This is not a knock on Mete and the awesome camp he had, but he’s 19 and will likely go through a learning curve at some point in the season, not to mention exhaustion with playing so many games at such a higher level than he’s accustomed to. What was seen through the preseason is that the players that were signed as depth by Bergevin are not viable options. Brandon Davidson, Joe Morrow, and Mark Streit are not capable replacements. The eternal optimist in me says that Streit can perhaps fill in occasionally, or be a power play specialist, but even that remains to be seen.
At the end of the day, Bergevin needs the cap space created to find scoring help so if he’s forced to spend a portion of that to acquire a defender, then this season is toast. So with all other options exhausted, Jerabek and Schlemko have to find success on the Montreal blueline if this team wants to be taken seriously in 2017-2018.
Paul MacLeod: The keys for the Habs this season are:
1) Victor Mete/David Schlemko or Brandon Davidson managing to play adequately as Shea Weber’s partner.
2) Drouin’s ability to play centre. If Drouin is an adequate # 1 centre then Bergevin has finally met this organization’s most pressing need and the team will do well.
3) Related to #2, the ability of Drouin to spark the power play–or lack thereof– will be the difference in a number of close games this season.
4) Secondary scoring– the Habs need Gallagher, Galchenyuk, Charles Hudon, and Artturi Lehkonen to provide some scoring depth.
Norm Szcyrek: The competition for the Habs to perform well enough within their division and conference to make it to the playoffs and then succeed far into it will be dependent on many factors. The first one, of course, will be how well Drouin will adapt to the permanent role of the team’s #1 centre. Then there’s the added pressure of his first season in Montreal after signing a huge contract. He will face a higher level of scrutiny by the opposition’s top checkers and defenders, so the team will need him to rise to that challenge by both producing offensively and still playing a respectable defensive game.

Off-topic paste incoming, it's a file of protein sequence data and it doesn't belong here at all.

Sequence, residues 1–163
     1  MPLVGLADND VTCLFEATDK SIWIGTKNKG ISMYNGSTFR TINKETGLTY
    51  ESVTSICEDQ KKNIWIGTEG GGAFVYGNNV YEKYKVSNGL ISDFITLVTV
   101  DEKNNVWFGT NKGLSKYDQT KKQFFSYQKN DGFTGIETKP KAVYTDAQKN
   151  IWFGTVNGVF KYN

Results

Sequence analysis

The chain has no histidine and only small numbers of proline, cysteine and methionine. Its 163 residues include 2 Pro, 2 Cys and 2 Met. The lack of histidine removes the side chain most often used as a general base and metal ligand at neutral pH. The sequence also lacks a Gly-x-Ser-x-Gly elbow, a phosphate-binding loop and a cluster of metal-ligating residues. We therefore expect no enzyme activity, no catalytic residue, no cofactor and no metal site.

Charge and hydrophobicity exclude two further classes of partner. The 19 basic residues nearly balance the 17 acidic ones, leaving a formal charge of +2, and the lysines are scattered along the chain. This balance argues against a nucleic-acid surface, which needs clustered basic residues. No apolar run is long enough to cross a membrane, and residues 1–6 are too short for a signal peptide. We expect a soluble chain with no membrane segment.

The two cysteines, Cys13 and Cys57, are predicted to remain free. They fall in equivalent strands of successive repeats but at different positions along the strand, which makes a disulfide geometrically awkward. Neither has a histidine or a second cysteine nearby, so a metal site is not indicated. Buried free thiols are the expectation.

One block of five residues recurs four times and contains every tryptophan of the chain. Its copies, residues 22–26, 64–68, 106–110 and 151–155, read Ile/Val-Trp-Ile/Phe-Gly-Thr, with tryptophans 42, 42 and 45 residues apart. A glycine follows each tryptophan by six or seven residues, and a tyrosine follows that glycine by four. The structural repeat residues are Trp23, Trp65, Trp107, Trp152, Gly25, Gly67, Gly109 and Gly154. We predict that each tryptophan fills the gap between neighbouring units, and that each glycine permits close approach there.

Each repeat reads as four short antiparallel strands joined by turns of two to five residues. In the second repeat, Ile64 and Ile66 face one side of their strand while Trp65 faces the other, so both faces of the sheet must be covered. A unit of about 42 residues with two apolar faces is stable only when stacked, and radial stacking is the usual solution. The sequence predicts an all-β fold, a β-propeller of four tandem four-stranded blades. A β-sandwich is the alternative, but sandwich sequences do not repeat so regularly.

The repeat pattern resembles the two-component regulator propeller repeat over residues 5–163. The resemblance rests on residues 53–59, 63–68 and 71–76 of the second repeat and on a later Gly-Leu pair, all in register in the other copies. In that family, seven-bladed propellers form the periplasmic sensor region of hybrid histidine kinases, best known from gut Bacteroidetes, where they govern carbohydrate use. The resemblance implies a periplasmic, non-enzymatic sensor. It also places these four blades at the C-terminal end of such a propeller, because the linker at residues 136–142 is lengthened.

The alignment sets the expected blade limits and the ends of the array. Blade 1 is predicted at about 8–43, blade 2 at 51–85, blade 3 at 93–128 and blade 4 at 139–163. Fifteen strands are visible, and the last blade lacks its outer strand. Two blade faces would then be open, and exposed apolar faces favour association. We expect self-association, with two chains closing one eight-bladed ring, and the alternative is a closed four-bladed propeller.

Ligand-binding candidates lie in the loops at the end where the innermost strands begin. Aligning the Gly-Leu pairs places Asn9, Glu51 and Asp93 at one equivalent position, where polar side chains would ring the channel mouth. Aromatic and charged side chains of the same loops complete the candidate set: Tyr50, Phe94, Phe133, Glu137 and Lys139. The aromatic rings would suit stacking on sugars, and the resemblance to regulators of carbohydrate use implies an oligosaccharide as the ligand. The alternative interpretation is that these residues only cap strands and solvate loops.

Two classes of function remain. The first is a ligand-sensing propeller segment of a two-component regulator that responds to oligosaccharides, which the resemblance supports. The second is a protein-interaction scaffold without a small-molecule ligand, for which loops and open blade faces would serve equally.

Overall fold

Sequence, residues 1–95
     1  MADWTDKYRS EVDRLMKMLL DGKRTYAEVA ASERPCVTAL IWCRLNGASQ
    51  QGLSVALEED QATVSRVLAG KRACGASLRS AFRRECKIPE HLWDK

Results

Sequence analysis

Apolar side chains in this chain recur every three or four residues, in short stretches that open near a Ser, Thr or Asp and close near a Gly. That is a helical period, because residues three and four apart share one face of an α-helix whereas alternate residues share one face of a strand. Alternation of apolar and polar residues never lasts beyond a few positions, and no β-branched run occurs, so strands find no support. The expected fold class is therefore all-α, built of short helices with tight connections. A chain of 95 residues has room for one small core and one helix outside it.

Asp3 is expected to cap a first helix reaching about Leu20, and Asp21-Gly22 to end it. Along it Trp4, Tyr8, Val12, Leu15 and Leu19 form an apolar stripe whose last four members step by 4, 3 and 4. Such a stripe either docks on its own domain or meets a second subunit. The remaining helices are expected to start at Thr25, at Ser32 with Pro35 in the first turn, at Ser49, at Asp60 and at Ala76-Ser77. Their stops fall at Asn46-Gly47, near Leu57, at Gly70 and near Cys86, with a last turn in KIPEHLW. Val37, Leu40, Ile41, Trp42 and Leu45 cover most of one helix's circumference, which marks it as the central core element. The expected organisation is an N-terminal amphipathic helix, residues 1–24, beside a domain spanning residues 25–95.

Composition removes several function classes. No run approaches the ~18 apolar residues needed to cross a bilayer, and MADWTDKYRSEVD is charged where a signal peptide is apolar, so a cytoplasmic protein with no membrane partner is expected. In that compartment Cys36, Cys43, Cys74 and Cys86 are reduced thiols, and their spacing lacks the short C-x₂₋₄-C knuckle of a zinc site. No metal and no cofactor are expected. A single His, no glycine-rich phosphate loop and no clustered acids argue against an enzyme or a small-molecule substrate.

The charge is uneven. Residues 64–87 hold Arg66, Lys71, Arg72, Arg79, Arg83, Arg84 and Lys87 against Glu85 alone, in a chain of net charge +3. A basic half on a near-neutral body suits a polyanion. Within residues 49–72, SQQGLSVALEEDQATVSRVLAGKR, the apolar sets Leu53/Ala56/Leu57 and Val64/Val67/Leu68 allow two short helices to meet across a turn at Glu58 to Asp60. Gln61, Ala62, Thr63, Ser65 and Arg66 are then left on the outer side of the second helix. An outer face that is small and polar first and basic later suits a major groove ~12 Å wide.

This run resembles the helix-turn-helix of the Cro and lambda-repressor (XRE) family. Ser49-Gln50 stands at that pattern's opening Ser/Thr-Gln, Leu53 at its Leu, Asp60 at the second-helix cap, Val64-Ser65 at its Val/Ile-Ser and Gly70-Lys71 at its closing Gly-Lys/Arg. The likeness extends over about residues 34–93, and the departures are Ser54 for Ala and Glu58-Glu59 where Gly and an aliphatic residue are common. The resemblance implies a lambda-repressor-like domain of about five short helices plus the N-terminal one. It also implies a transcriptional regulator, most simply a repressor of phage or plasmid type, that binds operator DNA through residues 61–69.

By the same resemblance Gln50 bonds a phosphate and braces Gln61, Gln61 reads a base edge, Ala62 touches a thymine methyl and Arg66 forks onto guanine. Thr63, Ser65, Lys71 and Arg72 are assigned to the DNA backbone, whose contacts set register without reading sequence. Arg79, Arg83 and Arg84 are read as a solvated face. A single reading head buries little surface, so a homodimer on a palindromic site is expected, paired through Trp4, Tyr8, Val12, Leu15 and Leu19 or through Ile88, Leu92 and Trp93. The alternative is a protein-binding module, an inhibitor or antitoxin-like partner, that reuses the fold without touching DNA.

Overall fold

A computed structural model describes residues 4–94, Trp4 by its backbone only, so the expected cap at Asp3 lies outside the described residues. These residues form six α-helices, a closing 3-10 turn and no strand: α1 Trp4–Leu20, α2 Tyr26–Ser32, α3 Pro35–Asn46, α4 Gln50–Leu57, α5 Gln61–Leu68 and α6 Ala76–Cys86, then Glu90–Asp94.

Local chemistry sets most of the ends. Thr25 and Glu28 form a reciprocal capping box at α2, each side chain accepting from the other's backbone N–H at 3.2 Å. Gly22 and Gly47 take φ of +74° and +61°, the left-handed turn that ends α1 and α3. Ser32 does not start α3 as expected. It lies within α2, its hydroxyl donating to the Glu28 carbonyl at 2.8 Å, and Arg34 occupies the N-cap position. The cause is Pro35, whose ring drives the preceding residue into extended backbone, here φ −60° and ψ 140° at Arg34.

The Habs need rebound seasons from players that were injured from a significant number of games, namely Galchenyuk, Gallagher, and Andrew Shaw. Their offensive skills are badly needed along with their leadership. Montreal’s prospect depth on the farm team level is not deep, so a relatively healthy squad for the team’s core players will be a huge help.
Coach Julien has implemented some new coaching styles and strategies to the team in training camp and early adaptation during the preseason was slow. The last two games did lead to wins, but the full buy-in of the coach’s direction will also be a key to the team’s overall success.
David Woodward: Apart from the health of their superstar goaltender, the Canadiens’ success this season will depend on the ability of their younger players (or players with little NHL experience) to address the team’s weaknesses. Drouin must meet the considerable (and perhaps unreasonable) expectations that come with his status as the team’s first Francophone star in a generation. Lekhonen and/or Hudon must also provide reliable secondary scoring if the team’s chronic offensive woes are to be overcome.
Assuming he is promoted during the season, Jerabek or even Mete (although this writer views a return to the OHL’s London Knights as being in Mete’s long-term interest) must address the Habs’ lack of puck movers on the back end, particularly on the left side (Of course, Schlemko could become an important contributor on the back end as well.) In any given year, some veterans perform beyond expectations. However, the primary candidates to address the Canadiens’ glaring needs for scoring and puck movement on the back end are their young players.